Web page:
An Empire Transformed
Kate Luce Mulry
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Geisteswissenschaften, Kunst, Musik / Geschichte
Examines the efforts to bring political order to the English empire through projects of environmental improvement
When Charles II ascended the English throne in 1660 after two decades of civil war, he was confronted with domestic disarray and a sprawling empire in chaos. His government sought to assert control and affirm the King’s sovereignty by touting his stewardship of both England’s land and the improvement of his subjects’ health. By initiating ambitious projects of environmental engineering, including fen and marshland drainage, forest rehabilitation, urban reconstruction, and garden transplantation schemes, agents of the English Restoration government aimed to transform both places and people in service of establishing order. Merchants, colonial officials, and members of the Royal Society encouraged royal intervention in places deemed unhealthy, unproductive, or poorly managed. Their multiple schemes reflected an enduring belief in the complex relationships between the health of individual bodies, personal and communal character, and the landscapes they inhabited.
In this deeply researched work, Kate Mulry highlights a period of innovation during which officials reassessed the purpose of colonies, weighed their benefits and drawbacks, and engineered and instituted a range of activities in relation to subjects’ bodies and material environments. These wide-ranging actions offer insights about how restoration officials envisioned authority within a changing English empire.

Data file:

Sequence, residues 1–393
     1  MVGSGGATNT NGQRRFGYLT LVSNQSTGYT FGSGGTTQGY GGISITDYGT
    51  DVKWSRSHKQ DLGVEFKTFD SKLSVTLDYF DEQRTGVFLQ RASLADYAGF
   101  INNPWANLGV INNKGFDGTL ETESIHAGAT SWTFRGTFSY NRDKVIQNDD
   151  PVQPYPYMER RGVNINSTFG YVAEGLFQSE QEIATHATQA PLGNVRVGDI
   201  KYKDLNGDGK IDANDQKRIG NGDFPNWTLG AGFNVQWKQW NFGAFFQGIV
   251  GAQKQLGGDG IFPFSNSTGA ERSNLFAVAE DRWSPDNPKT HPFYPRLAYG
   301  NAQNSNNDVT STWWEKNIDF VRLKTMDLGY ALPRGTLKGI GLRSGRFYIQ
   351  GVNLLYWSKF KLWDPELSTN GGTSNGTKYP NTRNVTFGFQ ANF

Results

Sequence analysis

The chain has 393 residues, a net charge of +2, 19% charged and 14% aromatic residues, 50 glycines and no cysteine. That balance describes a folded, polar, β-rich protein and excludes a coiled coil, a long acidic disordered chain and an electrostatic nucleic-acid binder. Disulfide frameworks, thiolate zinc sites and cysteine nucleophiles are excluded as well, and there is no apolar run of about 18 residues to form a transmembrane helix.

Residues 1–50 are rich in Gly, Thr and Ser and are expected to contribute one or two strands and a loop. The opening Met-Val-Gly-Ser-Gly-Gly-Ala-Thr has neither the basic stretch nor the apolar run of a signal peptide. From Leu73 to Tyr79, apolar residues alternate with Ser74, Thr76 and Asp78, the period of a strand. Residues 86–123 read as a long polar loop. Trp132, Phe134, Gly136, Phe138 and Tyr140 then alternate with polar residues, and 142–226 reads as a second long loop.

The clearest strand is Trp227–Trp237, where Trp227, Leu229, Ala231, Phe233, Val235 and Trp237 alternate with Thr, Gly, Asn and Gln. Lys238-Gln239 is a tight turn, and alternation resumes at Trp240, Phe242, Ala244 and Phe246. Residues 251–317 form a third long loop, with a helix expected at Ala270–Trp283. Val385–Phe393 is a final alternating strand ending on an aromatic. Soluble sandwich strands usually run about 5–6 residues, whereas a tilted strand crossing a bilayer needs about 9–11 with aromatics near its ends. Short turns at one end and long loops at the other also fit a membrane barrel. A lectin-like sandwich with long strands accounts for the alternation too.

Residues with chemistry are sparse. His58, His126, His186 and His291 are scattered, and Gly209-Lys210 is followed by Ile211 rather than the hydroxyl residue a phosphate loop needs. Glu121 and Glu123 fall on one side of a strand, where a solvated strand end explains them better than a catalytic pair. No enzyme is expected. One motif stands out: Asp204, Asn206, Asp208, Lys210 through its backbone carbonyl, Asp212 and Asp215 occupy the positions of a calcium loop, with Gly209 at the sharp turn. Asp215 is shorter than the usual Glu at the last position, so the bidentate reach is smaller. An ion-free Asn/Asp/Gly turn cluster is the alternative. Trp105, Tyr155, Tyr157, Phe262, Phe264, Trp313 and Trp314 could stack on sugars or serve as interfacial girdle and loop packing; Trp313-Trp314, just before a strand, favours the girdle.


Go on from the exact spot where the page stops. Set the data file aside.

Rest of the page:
An Empire Transformed is an interdisciplinary work addressing a series of interlocking issues concerning ideas about the environment, governance, and public health in the early modern English Atlantic empire.
Lords of Trade and Plantation, Transplantation, Delaware Indians, Cornelius Vermuyden, Drainage, Philadelphia, Plague, Dutch colonists, William Petty, Jamaica, Environment, Fenland, The Georgical Committee, Naturalization, Empire, John Evelyn, Demography, Improvement, Health, Fertility, Soil, Duke of York, Dutch refugees, Royal College of Physicians, John Beale, New York, Fire of London, Science, Miasma, Orchards, Oliver Cromwell, The Royal Society, Anglo-Atlantic, Christopher Wren, New Castle, East India Company, Coronation, Scent, Colony, Dike Mutiny, Delaware River, Questionnaires, Edmund Andros, Internal Colonialism, Husbandry, Restoration, Lady Mary Rich, Countess of Warwick, Private property, Bedford Level Corporation, Pepper, Gardens, St. Helena, Landscape, Charles II, Samuel Rolle, Food, Commission of Sewers, Starvation, Pastoralism, Port Royal, Western Design, Third Anglo-Dutch War